Important recent decisions on fiscal selectivity are the decisions of the General Court (under appeal by the European Commission) in the World Duty Free Group and Banco Santander cases. In those cases, the General Court determined that where a measure is a priori available to all relevant undertakings meeting relevant criteria, it will not be selective. It remains to be seen whether the ECJ, to which the Commission has appealed the General Court’s verdict, will agree. An advisor to the Court, Advocate General Wathelet has delivered an opinion which supports the Commission’s view of selectivity.
What will happen now?
For businesses in Ireland, other than Apple, this does not change anything. As the European Commission has stated, the “decision does not call into question Ireland’s general tax system or its corporate tax rate.”7
The “up to €13 billion” which the European Commission has ordered Ireland to recover from Apple must be recovered now, even where Ireland and/or Apple appeal the decision. Ireland may decide, as Commissioner Vestager has suggested, to put the money in an escrow account pending outcome of the lengthy appeals process. However, even before this is paid, the exact amount will have to be calculated, with input from the Revenue Commissioners and the European Commission, with a final determination likely to take several months.
Even then, other countries (including the United States) have been invited by Commissioner Vestager to claim some of the billions for themselves, saying “if [other countries] conclude that Apple should have recorded those sales in those countries instead of Ireland, they could require Apple to pay more tax locally. That would reduce the amount to be paid back to Ireland.”8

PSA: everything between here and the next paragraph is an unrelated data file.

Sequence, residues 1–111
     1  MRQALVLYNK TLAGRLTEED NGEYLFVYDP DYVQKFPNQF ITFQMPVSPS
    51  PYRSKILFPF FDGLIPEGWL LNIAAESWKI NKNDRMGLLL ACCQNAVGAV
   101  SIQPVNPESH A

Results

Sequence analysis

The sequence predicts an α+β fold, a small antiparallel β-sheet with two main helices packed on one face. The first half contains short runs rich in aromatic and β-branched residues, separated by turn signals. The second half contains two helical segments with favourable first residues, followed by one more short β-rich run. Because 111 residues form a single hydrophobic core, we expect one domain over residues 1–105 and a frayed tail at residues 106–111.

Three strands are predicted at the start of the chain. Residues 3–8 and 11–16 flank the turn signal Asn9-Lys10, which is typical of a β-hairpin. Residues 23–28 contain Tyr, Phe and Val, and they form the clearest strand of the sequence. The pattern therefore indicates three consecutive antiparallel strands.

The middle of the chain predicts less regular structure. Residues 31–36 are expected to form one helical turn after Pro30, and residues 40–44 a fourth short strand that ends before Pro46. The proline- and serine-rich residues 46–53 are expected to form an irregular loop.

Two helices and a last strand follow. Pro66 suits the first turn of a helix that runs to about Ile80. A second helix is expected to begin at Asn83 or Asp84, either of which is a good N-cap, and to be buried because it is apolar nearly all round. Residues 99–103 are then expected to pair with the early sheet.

Appeal against the Commission’s decision is almost certain. Apple’s Tim Cook’s response is clear – the decision is legally indefensible. Ireland’s Finance Minister has indicated Ireland will also appeal, although any decision to do so will need to be considered and approved by the cabinet. Irrespective of whether Ireland appeals the decision, Apple (as a legal person to whom the decision is of direct and individual concern) has the right to appeal the decision.
Appeals must be lodged within 2 months and 10 days of publication of the decision or of its notification to the parties.9 The decision will probably not be published for four to eight months (based on recent fiscal State aid cases).
Based on recent experience, an initial appeal to the EU’s General Court is likely to take two to three years to be decided. If this appeal is successful, the European Commission will almost certainly appeal to the Court of Justice of the European Union, which would likely take a further two years to make a final ruling on the matter.